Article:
Frame tubing: Not known
Seatpost size: 26.4mm
Williamson was (maybe still is) a cycle shop in Edinburgh. They bought in frames from different framebuilders. This training frame was built by Orbit – the paint is quite nice but a bit thick… £95

 

KEN RYALL ROAD FRAME 1970s
Seat Tube (ctt): 22.5in (57cm)
Top Tube (ctc): 22.5in (57cm)
Rear dropout width: 126mm
Wheel size: Sprints/700C with a brake drop of 53mm
Frame tubing: Probably Reynolds 531 plain gauge
Seatpost size: 26.8mm
This is a Ken Ryall road frame from I think the early 1970s – its really quite nicely built but judging by the seatpost size is built from Reynolds 531 plain gauge tubing. Ready to be painted in a light coat of primer. Obviously needs repainting. £99

 

HENY ROAD FRAME 1970s
Seat Tube (ctc): 57cm (22.5in)
Top Tube (ctc): 56cm (22in)
Rear dropout width: 124mm
Wheel size: Sprints/700C with brake drop of ??mm
Seatpost size: 26.8mm
Frame tubing: Falk
Offered here is a neatly constructed Heny road frame made from Falk steel tubing. The Heny shop still exists in Poperinge in southern Flanders. The paint is useable condition; the chrome is very good. Sound overall. £89


Featured Frames
British and American road frames smaller than 21.5in
British and American road frames 21.5in–22.5in
British and American road frames larger than 22.5in
Bargain Basement (look above)
Classic Road frames pre-1970 smaller than 21.5in
Classic Road frames pre-1970 21.5in–22.5in
Classic Road frames pre-1970 larger than 22.5in
Classic Track & Road-Track frames pre-1970
European frames 56cm or smaller
European frames larger than 56cm
Italian frames 56cm or smaller
Italian frames larger than 56cm
Lo-Pro &
Retro Time Trial frames
Touring frames
Track frames




SHIPPING COSTS

UK: £18
Europe: £35
North America: £90
Japan, Asia, Australasia, Africa, Middle East, South America: £115

Figures above are good estimates, rates may vary for some countries.
Contact us for more info.


CLICK ON the sale images to see a much larger picture!

FRAME CONDITION
Frames are supplied as seen in the pictures unless described otherwise in the text.
Please remember that these frames are generally at least twenty years old and sometimes seventy… In most cases I will know very little of their history but will attempt to describe any problems I can spot – if there are issues I have missed I will always work with the buyer to find a solution.
All frames I sell are in track and straight, with excellent headset threads, bottom bracket shell threads and gear hanger threads if fitted.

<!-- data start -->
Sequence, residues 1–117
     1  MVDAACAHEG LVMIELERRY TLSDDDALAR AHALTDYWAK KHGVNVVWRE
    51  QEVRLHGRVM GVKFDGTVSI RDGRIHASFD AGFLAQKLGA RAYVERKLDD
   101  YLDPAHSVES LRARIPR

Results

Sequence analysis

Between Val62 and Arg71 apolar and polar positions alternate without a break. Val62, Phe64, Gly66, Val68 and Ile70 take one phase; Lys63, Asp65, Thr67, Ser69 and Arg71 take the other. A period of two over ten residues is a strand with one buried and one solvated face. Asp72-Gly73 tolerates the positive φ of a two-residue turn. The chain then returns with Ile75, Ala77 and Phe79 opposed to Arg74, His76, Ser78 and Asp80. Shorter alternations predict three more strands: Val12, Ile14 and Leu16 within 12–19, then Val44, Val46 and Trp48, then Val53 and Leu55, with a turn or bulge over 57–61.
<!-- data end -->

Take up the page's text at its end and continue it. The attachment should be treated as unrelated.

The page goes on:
I will make every attempt to ascertain whether paint is original, an older repaint or a more recent repaint. Paint quality does vary quite bit…

These categories may be qualified by more detailed description in the text.

Excellent A very useable frame with no obtrusive marks to the paint and no dings or dents. Chrome if present will be free of serious marks unless stated otherwise.

Very Good Perfectly useable frame but with more marks to the paint and chrome if present. Some of the marks may benefit from careful retouching. Generally there will no dents or dings but if present will be small. However if you are concerned about dents/dings with frames in this category please ask me to do an extra check.

Sound Paint and chrome may need redoing depending on how you like your bikes – I appreciate frames with patina which show their age but others may want to repaint. There may be a small ding or two but nothing very significant – older frames often pick up smaller dents which are of no significance to their strength or life. Any more significant dents will be described in the text.

Needing repainting Paint will be poor and in my opinion is not saveable. There may be a small ding or two but nothing very significant – older frames often pick up smaller dents which are of no significance to their strength or life. If there are larger dents they will be described and/or pictured. These are all easily filled by a good framebuilder or frame painter at very little extra cost.

Headsets or bottom brackets fitted to frames are of unknown and unguaranteed condition unless specifically described in the text. Sometimes headsets or bottom brackets will not feel smooth and simply need a service and on other occasions the headset or bottom bracket will need replacing…
For frame without headsets or where you'd like a headset replaced I can o

ffer a fitting service for £15. Please see the headset pages: http://hilarystone.com/headset.html for what is available but please bear in mind that you may need advice on whether a particular headset will fit your frame especially in relation to stack height.